Windows 10 Upgrade Pricing – Clearing Up the Confusion


feature -windows-10-logoOn January 21, Microsoft held a press conference in which they discussed the upcoming Windows 10, including new features and even a new browser. While some aspects were explained in detail, others were only briefly touched on, such as the free upgrade to Windows 10 for users on Windows 7 and 8.1, “for the first year”. This led to many tech sites publishing ambiguous statements, such as “Windows 10 free for first year”.

This could easily be interpreted as meaning that Windows 10 would be free to use for one year only, after which a fee would be required in order to keep using it. Even my good mate who owns the local computer shop was adamant that the free upgrade was for a one-year license. It took quite a bit of convincing to persuade him otherwise.

Thankfully, Microsoft recognized the confusion and has since clarified the situation via its Windows Blog. The fact of the mater is; existing Windows 7 and 8.1 users who choose to upgrade to Windows 10 during the first year after its official release will do so for free and continue using the new operating system at no additional charge for the supported lifetime of the device. In other words, as per usual.

We will offer a free upgrade to Windows 10 for qualified new or existing Windows 7, Windows 8.1 and Windows Phone 8.1 devices that upgrade in the first year!*  And even better: once a qualified Windows device is upgraded to Windows 10, we will continue to keep it up to date for the supported lifetime of the device, keeping it more secure, and introducing new features and functionality over time – for no additional charge

Existing Windows 7 and 8.1 users who upgrade to Windows 10 after the initial 12 months has expired will be required to pay – Microsoft has not provided any indication of pricing to date.

Microsoft’s decision to provide a free upgrade to Windows 10 surprised a lot of people, including myself, especially seeing how the offer includes Windows 7 users. However, if one considers the costs involved with providing ongoing support for multiple versions of Windows and Internet Explorer, it makes a lot of sense.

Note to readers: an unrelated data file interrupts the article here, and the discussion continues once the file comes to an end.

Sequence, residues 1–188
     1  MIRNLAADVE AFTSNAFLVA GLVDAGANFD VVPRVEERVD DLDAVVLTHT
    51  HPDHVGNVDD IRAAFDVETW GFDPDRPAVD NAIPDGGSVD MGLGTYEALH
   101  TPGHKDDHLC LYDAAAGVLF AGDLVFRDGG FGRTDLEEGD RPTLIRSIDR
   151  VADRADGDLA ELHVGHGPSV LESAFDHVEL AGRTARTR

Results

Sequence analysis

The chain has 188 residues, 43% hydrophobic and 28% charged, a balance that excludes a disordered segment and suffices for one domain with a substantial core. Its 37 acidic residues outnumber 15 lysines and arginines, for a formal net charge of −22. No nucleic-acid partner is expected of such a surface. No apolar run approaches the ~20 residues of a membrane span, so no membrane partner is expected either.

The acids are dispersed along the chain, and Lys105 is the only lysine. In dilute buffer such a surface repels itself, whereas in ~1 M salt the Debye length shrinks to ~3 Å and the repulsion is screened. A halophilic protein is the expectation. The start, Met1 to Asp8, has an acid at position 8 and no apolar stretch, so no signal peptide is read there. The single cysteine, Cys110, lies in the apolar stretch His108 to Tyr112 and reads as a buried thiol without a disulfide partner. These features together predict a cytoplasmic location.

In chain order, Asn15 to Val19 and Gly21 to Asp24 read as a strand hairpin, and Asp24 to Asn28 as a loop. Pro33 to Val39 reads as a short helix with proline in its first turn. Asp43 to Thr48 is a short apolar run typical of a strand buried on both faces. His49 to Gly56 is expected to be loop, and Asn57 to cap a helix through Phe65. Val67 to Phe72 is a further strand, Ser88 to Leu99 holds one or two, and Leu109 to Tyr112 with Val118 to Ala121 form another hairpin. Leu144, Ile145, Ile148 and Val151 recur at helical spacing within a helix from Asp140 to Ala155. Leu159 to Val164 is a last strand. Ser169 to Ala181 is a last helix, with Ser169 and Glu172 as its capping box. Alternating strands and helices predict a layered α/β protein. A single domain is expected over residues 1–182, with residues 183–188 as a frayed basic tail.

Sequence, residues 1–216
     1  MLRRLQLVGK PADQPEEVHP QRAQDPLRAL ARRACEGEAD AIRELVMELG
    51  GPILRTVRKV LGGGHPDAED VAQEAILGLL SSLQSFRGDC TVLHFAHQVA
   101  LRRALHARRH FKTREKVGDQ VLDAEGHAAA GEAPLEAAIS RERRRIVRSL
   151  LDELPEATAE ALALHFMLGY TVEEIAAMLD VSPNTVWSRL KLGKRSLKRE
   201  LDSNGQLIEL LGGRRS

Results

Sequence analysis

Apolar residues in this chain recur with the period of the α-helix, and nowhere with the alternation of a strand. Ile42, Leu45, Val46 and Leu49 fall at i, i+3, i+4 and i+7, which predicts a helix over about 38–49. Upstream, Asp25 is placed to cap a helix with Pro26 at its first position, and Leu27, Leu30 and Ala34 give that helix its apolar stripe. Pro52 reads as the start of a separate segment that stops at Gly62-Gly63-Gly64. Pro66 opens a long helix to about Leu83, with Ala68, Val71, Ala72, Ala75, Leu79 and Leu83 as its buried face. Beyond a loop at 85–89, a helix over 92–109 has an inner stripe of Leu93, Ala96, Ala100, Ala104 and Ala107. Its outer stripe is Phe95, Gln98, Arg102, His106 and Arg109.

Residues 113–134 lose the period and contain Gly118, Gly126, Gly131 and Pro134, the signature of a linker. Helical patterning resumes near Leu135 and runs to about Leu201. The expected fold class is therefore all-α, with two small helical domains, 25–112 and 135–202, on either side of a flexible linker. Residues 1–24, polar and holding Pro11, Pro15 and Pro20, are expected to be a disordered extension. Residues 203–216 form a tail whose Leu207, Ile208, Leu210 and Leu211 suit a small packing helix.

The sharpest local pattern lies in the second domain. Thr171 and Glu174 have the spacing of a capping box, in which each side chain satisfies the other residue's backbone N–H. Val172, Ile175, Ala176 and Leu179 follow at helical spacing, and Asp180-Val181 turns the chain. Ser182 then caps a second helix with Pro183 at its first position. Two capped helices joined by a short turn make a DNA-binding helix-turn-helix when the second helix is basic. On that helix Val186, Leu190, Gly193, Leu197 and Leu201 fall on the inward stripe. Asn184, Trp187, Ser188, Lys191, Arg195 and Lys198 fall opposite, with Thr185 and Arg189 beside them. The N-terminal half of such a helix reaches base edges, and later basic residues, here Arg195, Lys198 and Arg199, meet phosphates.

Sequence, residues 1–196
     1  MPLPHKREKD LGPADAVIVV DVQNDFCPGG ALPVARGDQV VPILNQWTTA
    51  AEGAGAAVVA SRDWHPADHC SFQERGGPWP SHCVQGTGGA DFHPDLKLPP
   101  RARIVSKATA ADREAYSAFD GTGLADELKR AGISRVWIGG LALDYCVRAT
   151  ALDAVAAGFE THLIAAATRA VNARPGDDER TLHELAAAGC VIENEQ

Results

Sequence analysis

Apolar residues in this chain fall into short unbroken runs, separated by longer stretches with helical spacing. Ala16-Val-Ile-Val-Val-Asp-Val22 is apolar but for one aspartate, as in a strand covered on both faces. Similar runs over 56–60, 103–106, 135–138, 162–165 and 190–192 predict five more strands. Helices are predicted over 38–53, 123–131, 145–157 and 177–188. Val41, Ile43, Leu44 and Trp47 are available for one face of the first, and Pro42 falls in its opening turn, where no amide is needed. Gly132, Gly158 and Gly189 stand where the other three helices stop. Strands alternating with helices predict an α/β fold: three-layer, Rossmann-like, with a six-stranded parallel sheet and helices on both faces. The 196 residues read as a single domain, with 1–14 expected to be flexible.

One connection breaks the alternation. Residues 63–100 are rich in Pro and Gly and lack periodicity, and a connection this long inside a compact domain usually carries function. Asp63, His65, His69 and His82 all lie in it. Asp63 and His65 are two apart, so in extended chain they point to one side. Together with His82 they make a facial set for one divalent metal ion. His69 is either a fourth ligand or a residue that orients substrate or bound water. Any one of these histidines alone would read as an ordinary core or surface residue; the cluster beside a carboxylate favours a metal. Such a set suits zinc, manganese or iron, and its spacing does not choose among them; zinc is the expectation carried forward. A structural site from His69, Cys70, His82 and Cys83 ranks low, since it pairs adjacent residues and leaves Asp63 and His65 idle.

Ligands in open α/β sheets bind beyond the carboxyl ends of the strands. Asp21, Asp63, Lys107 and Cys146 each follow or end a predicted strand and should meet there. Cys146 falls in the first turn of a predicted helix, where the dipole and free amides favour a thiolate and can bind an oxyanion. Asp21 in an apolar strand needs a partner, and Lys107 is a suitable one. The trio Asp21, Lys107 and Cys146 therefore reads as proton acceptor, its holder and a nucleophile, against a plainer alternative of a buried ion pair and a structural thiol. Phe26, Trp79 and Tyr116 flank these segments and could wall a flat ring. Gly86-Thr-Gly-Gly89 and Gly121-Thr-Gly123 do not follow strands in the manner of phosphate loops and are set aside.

Obviously, Microsoft’s position would be far improved if everyone were to be using the same operating system, and providing an incentive for Windows 7 users to upgrade, as well as Windows 8/8.1 users, will go a long way toward helping achieve that goal. Not to mention the lingering possibility of a subscription based distribution model – but that, as they say, is another story.

 

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About the Author

Jim Hillier

Jim is the resident freeware aficionado at DCT. A computer veteran with 30+ years experience who first started writing about computers and tech back in the days when freeware was actually free. His first computer was a TRS-80 in the 1980s, he progressed through the Commodore series of computers before moving to PCs in the 1990s. Now retired (aka an old geezer), Jim retains his passion for all things tech and still enjoys building and repairing computers for a select clientele... as well as writing for DCT, of course.

9 Comments

  1. I finally got tired of trying to get the W10 Preview to work, so I removed it to the recycle bin. Just hope MS gets the kinks worked out before the release date.

  2. I am hoping the upgrade includes a key that will work after the first year, if I decide to do a fresh install of Windows 10. While I keep backups, I tend to do a fresh install every few years. Also, I build my own computers and just move the OS from my old to my new, would I then have to pay for Windows 10? I will be sure to make a basic backup for that case, and hope my backup software works (as it states it will) for restoring to different hardware.

    • Good points Brad but I’d fear you will not likely have the fresh install option, that would likely attract a separate license fee because ‘normally’ an upgrade license allows you to upgrade from an “eligible” OS, in other words you must first be licensed for the software that is eligible for the upgrade. After you upgrade, you may no longer use the software you upgraded from. So if you have a blank hard drive, you can’t install W10 because you wouldn’t already have an eligible OS installed to upgrade from. Hope that makes sense 🙂

      • Hopefully that means we’ll at least get an upgrade serial as I have a windows 7 disc so I could easily reformat and instal that and then upgrade. Hopefully closer to the release they will clarify everything

        • I’d be cautious Peter, simply because MS have only stipulated that the OS upgrade will be available free for the first year, after that nobody knows but I’d put money on the upgrade routine being time-bombed or something similarly time restricted because if they didn’t they would potentially be allowing people to upgrade after the first year, and unless they are able to keep a track on who is upgrading and when, they’ll not be able to track it all.

  3. It seems to me that there is still a problem of compatibility to analyze before performing the upgrade.
    I guess all the PCs with Windows 7 in particular will not be able to run Windows 10 effectively, as well as most software and devices installed.
    Thanks for the info !

    • Vista users cannot upgrade to Windows 10 for free, the free upgrade is restricted to Windows 7/8/8.1 users only. If Vista users want to upgrade to Windows 10, I’m afraid they’re going to have to pay for it.

      The best bet would probably be to continue running Vista until the PC dies and then buy a new PC with Windows 10 pre-installed.